Yamaha EAD10

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bored at work
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Re: Yamaha EAD10

Postby bored at work » Thu Mar 15, 2018 5:05 am

Paul Marangoni wrote:
Pocketplayer wrote:LOL...fair enough! Glad you are diggin' it...


FYI, there are MANY videos of other people reviewing and showing the ins-and-outs of the EAD on YouTube, and more being published each day. This thing is a hit. I wonder what they'll add for the EAD-20?


I'm sort of thinking about waiting a year for the next version.
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Odd-Arne Oseberg
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Re: Yamaha EAD10

Postby Odd-Arne Oseberg » Thu Mar 15, 2018 9:25 am

Though it's made to be as simple as possible a couple of mic inputs probably wouldn't hurt.
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Paul Marangoni
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Re: Yamaha EAD10

Postby Paul Marangoni » Thu Mar 15, 2018 11:57 am

That would require adding mixing/balancing capabilities. It's kind of perfect as is, in that it mimics the old Rudy Van Gelder micing approach somewhat.
Image

It works best with a small drum set, but I guess you could also use two of them if you have two bass drums.
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thewikiman
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Re: Yamaha EAD10

Postby thewikiman » Mon Mar 19, 2018 1:54 am

I am getting one of these in May and I wondered Paul if you use it without an additional trigger? In a lot of the try-out / review vids they have the snare trigger on.

I know it works without one, but presumably better with. Have you added a trigger?
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Matthijs Ament
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Re: Yamaha EAD10

Postby Matthijs Ament » Mon Mar 19, 2018 9:58 am

I've been working with the EAD10 for two days. Took me a while to get it working the way I want to. I use it with IE , sequencer and Porter&Davis tactile monitor system. It does improve the overall situation, especially the replacement of mics and reverb unit. You might want additional OH and a close mic for the floor tom. But it is good enough for IE.
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langmick
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Re: Yamaha EAD10

Postby langmick » Mon Mar 19, 2018 11:03 am

Would I use something like this for a small gig where the drums aren't miked up but could use some reinforcement?
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Matthijs Ament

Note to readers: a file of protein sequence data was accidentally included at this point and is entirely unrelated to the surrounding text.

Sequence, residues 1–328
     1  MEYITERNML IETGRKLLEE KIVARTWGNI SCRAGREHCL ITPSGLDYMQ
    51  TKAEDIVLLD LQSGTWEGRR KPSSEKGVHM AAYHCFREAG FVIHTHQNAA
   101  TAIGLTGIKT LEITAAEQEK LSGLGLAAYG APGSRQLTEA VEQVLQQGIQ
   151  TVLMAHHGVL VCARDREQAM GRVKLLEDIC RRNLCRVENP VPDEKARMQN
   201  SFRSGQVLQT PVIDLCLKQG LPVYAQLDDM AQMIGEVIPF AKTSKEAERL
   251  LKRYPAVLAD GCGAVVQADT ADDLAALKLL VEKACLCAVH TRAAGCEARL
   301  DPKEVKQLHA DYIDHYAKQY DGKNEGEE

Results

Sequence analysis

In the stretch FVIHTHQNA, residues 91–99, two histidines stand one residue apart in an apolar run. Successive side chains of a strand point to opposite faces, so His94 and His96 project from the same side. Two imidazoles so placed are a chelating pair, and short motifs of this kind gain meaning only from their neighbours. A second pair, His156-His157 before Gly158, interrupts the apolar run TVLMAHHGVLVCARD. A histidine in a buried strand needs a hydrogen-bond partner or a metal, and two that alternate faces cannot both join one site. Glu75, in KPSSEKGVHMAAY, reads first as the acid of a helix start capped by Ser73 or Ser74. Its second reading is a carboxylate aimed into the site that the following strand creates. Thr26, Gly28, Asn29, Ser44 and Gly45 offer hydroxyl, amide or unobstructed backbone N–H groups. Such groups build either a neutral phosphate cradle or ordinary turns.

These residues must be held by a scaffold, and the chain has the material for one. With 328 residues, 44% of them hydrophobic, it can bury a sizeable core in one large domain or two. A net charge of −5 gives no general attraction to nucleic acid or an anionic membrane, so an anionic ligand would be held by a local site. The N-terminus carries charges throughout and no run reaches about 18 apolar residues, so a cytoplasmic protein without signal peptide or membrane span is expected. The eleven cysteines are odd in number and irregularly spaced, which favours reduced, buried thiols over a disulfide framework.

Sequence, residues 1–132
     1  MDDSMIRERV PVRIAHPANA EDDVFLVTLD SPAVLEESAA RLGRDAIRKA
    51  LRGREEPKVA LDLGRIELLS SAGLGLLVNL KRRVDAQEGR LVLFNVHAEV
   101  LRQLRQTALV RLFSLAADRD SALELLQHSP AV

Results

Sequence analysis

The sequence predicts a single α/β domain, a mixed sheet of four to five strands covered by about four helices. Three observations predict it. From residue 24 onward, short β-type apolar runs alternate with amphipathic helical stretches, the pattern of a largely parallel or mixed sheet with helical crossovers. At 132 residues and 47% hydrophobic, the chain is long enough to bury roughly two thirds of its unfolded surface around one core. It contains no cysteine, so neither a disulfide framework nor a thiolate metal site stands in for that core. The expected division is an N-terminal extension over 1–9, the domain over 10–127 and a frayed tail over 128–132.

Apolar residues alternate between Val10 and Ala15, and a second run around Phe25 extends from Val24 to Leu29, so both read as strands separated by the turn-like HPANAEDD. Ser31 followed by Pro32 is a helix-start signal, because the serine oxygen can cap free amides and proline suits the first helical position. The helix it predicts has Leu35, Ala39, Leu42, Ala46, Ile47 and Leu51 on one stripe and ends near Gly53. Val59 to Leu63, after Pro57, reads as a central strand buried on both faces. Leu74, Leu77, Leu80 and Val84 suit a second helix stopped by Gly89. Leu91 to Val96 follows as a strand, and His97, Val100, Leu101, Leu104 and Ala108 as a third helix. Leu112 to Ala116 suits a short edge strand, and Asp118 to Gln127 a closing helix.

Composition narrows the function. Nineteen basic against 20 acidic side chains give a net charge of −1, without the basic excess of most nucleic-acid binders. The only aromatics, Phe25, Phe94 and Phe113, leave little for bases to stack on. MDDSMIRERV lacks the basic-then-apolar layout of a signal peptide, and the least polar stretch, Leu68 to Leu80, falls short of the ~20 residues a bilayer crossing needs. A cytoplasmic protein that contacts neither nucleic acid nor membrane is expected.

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Re: Yamaha EAD10

Postby Matthijs Ament » Mon Mar 19, 2018 11:44 am

I think that should be possible. The trigger (kick) is really well blend in with the mic's. If it sounds OK on the IE it should be working with a small PA. Be aware off sympathetic snare buzz , it sounds a bit like you'r using a bottom mic for the snare. Also, the mix is off balance. I use two rack-toms and they are 'louder' then the floor. So, slight reinforcement is about it. I think it is useful that the cymbals and hihat are not picked up by the mic's. They don't need amplification in a smaller 'rock' setting. For Jazz this system will need additional overheads. The reverb and effects are useful too.
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Paul Marangoni
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Re: Yamaha EAD10

Postby Paul Marangoni » Mon Mar 19, 2018 3:11 pm

thewikiman wrote:I am getting one of these in May and I wondered Paul if you use it without an additional trigger? In a lot of the try-out / review vids they have the snare trigger on.

I know it works without one, but presumably better with. Have you added a trigger?


I do not use a trigger and don't expect to. If I were using it with a rock or pop band, I definitely would add triggers (or pads) in order to really tackle processed sounds and pizzazz.
Last edited by Paul Marangoni on Mon Mar 19, 2018 3:23 pm, edited 1 time in total.
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Paul Marangoni
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Re: Yamaha EAD10

Postby Paul Marangoni » Mon Mar 19, 2018 3:13 pm

langmick wrote:Would I use something like this for a small gig where the drums aren't miked up but could use some reinforcement?


Yes, but you would have to take the positioning of other musicians' amps into consideration, as well as monitors. Some of the effects/processing are more prone to feedback than others. I have yet to try it myself.
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Paul Marangoni
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Re: Yamaha EAD10

Postby Paul Marangoni » Mon Mar 19, 2018 3:21 pm

Matthijs Ament wrote:I think it is useful that the cymbals and hihat are not picked up by the mic's.

Everything is picked up by the mics, but your experience is subject to your individual setup and positioning. In my case, the hi-hats and ride sound wonderful in my headphones. I have two mounted toms and two floor toms, and the only drum that is noticeably lower in the mix is my last floor tom, and that is simply due to the fact that it is furthest away from the mics. The sound pressure in a free field is inversely proportional to the distance from the microphone to the source (I actually studied recording engineering back in the 80s and one of our Acoustics class textbooks was focused entirely on microphones).

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